Do you change your car's motor oil? If so, you are considered a do-it-yourself (DIY) oil changer! Changing your own motor oil requires the same care that you provide for the rest of your vehicle. According to the American Petroleum Institute, over 50% of all motorists change their own oil. DIY oil changers generate about 150 millions gallons of used motor oil each year. This is approximately a quarter of all used motor oil that has the potential to be reused or recycled.
DIY oil changers have the individual opportunity to directly impact their local environment by properly handling their used motor oil and recycling it at local collection programs or facilities. By recycling your used motor oil, and taking the time to make sure that you limit spills and leaks you can prevent damage to your environment and ensure the quality of the environment for future generations.
Here are some helpful steps to changing you car's motor oil:
- Refer to your owner's manual for proper directions in changing your motor oil.
- Before removing the drain plug on the bottom of the engine's oil pan make sure that you have a clean drain pan that will accommodate all the oil in your vehicle. For a standard passenger vehicle this is generally no more than 5 quarts.
- Drain the used oil into a drip pan and make sure you have rags available to clean up any drips or spills.
- At this point, change your oil filter taking care not to spill the oil that is in the filter. Again, make sure the drip pan is under the filter to catch any drainage. Properly drain the filter of all excess oil.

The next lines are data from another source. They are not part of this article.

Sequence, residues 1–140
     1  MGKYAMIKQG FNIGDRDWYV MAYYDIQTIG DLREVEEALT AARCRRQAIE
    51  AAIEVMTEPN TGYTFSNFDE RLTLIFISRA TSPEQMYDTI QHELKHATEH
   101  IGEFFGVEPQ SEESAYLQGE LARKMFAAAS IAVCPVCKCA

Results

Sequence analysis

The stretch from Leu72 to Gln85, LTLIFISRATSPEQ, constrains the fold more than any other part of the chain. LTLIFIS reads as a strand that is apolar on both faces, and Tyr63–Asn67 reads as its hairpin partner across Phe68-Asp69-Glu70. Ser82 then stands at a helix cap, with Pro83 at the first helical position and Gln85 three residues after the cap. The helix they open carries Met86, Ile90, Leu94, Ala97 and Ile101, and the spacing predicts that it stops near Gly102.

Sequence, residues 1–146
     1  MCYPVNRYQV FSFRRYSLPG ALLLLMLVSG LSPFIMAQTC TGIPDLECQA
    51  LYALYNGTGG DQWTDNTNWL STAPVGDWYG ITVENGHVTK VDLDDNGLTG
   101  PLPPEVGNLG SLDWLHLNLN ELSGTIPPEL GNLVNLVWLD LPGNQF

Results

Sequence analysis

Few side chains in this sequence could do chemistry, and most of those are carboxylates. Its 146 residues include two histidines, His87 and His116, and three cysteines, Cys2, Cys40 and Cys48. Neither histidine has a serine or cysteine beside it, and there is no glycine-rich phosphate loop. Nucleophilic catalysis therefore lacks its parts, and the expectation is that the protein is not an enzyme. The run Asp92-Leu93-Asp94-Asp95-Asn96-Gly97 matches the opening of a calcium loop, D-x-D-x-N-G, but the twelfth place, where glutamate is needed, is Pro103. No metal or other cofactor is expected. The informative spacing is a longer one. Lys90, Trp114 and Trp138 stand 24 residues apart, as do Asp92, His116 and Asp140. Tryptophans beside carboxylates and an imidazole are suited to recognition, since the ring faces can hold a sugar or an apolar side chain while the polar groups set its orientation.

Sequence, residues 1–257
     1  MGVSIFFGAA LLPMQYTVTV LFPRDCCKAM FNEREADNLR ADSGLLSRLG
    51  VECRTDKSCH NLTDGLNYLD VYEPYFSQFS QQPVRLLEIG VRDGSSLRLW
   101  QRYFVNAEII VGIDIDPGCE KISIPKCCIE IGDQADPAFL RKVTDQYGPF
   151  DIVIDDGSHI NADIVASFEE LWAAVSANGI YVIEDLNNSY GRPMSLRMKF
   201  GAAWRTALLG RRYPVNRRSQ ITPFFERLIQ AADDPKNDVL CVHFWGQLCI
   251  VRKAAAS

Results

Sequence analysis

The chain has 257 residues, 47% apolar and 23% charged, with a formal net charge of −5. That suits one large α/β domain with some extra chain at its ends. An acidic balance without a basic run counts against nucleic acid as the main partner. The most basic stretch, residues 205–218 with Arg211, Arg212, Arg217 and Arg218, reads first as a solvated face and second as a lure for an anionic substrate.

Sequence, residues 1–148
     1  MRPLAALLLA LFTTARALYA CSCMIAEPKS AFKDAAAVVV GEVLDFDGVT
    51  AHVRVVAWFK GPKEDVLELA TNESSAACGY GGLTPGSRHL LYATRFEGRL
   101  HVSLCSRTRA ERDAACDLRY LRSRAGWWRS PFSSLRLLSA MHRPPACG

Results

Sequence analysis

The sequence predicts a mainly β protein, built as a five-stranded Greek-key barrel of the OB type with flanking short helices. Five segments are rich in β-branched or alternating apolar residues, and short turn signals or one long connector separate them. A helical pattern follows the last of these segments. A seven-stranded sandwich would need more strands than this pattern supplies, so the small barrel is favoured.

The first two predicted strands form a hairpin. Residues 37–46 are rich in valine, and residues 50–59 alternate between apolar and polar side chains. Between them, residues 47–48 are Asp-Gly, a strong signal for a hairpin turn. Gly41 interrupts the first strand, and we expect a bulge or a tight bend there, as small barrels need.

- Replace the drain plug and securely tighten according to the manufacturers' instructions.
- Using a funnel, add new engine oil allowing each container to fully drain. Be careful not to spill the oil. Have rags available to mop up any spills on the engine block or the ground. Do not overfill. Consult your owner's manual for the correct grade and amount of motor oil needed for your particular vehicle. Most cars generally will need four to five quarts of oil.
- Once you have filled the engine with oil according to the manufacturers' specification, be sure to check around the oil filter and drain plug for any evidence of leaking oil. Oil spilled or leaked on your driveway, on streets or other surfaces will inevitably be washed into storm drains or into adjoining soils during heavy precipitation periods, which can contaminate lakes, rivers, streams or groundwater.
- Using the funnel, pour the used oil from the drip pan into a proper recycling container. There are numerous drain pans on the market that serve as both a drain pan and holding container for recycling. Visit your nearest auto parts store to find these specialized containers for changing and recycling used oil.
- Once in a sealed container take the oil to a local motor oil collection center for recycling. Do not mix other lubricants (such as brake fluid or transmission fluid) or any other materials with the used motor oil. Most recycling locations will not accept it if you do.